As far as rules and regulations, the Trump administration has been focused on overturning those of the Obama era, from permitting drilling off the coast of the United States to refocusing on enforcement of federal marijuana laws to pulling back on a federal mandate that employers provide coverage for birth control. A tally kept by the Washington Post shows 17 executive actions issued by Trump, 96 cabinet-level agency decisions, 14 Congressional review acts, and three pieces of new legislation passed by Congress.

    Russians Indicted for Alleged Election Meddling Conspiracy

    [NATL] Russians Indicted for Alleged Election Meddling Conspiracy

    Deputy Attorney General Rod Rosenstein announces indictments against 13 Russians and three Russian entities accused of meddling in the 2016 U.S. presidential election.

    (Published Friday, Feb. 16, 2018)

    On the environment, Trump pulled out of the Paris climate agreement, while the tax reform bill opens the Alaska Wildlife Refuge to drilling. The head of the Environmental Protection Agency, Scott Pruitt, has announced that the administration would repeal the Clean Power Plan, President Barack Obama’s signature attempt to reduce greenhouse gas emissions from power plants. But environmentalists and several states immediately threatened to sue and pointed out that the EPA is required to regulate greenhouse-gas emissions. And Trump shrunk the size of two national monuments in Utah at the beginning of December, Bears Ears and Grand Staircase-Escalante, by two million acres. It was the largest cut of federally protected land ever.

    Linda Fowler, a professor of government at Dartmouth University, said many of Trump’s achievements were not very different from what could have been accomplished had another Republican won the White House. The conservative judicial appointments, the tax bill and the environmental pullbacks would have been expected in another Republican administration with Republican control of the House and Senate, she said.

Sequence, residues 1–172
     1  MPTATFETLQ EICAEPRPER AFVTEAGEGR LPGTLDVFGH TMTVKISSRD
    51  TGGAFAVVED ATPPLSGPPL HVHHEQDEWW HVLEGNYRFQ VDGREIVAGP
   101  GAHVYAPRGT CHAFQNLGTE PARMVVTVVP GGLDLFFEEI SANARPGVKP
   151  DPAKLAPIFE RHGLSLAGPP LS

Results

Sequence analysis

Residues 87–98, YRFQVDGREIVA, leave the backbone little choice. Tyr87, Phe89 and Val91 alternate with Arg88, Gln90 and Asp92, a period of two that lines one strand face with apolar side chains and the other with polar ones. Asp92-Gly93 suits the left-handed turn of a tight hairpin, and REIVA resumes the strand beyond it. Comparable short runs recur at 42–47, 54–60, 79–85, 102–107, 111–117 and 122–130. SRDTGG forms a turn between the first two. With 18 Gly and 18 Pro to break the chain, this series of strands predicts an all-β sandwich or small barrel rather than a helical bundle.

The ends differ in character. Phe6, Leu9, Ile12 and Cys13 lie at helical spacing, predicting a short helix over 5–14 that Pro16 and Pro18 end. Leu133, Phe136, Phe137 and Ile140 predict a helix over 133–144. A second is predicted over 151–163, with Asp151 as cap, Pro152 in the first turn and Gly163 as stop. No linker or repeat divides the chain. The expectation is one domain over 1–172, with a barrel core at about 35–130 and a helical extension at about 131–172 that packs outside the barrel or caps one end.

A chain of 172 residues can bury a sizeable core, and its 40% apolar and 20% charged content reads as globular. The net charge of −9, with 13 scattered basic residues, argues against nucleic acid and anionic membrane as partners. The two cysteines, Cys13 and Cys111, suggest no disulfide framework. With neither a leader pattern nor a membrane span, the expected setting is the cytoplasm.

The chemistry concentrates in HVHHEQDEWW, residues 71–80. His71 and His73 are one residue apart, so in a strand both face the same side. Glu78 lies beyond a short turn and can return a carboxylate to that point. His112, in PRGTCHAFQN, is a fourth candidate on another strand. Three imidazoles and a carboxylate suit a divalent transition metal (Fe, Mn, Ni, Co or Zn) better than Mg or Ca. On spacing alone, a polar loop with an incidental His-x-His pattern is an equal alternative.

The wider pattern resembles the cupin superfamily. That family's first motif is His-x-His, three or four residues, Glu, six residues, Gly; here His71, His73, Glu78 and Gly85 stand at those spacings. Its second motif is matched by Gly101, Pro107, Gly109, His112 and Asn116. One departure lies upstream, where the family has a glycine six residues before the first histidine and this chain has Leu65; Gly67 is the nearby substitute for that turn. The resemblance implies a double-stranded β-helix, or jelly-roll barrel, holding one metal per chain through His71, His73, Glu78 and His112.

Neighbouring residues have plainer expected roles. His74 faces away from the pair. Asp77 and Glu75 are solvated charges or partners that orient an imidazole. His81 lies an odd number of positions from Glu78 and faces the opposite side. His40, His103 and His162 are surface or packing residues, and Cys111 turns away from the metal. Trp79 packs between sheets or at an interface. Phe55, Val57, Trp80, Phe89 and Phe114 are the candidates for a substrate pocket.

Internationally, Trump promised to reposition the United States in the world, but turmoil in the State Department under Secretary of State Rex Tillerson has dominated headlines. Trump has antagonized countries in the Middle East by saying he would move the U.S. embassy in Israel to Jerusalem, he has frozen aid to Pakistan, calling it a haven for terrorist, he defeated ISIS in Mosul in Iraq and Raqqa in Syria, and he has taunted North Korea’s leader Kim Jung Un on Twitter. And the Trump administration pulled back on trade agreements such as the Trans Pacific Partnership.

    Trump’s critics say his “America First” position has left the United States isolated, its international standing diminished.

    On immigration, the president ended Deferred Action for Childhood Arrivals (DACA), is expelling nearly 200,000 El Salvadorans who have been allowed to live in the United States for more than a decade, and is trying to change the American immigration system to one based on merit.

    So far his promised wall on the Mexico border is not built, nor has Mexico paid for it. His comment about not wanting immigrants from “s--thole countries,” which Sen. Dick Durbin of Illinois insists he said during a meeting about DACA but which the president denies, earned him condemnation around the world.

    “There certainly is enormous pressure from parts of the Republican party to take a hard line of immigration,” Fowler said. “But this is a signature issue for Trump. Whether another president would have basically ended the DACA program without anything in its place, that’s really a debatable issue.”

    Mike Madrid, an expert on Latino voting trends and a political consultant at Grassroots Lab in Sacramento, called the Republican handling of immigration a disaster. More than any other issue it will bring about the decline of the party nationally, he said. Republicans have lost communities of color, Hispanics in particular, for a generation or longer, he said.

    Madrid, who said he was more opposed to Trump than during the campaign, said that factions within the Republican party were too far apart ideologically to move a Republican agenda forward.

    “The Republican party is no longer the home of the conservative movement,” he said. “It is the home of a nationalist movement, a populist movement, and those are two extremely different things.”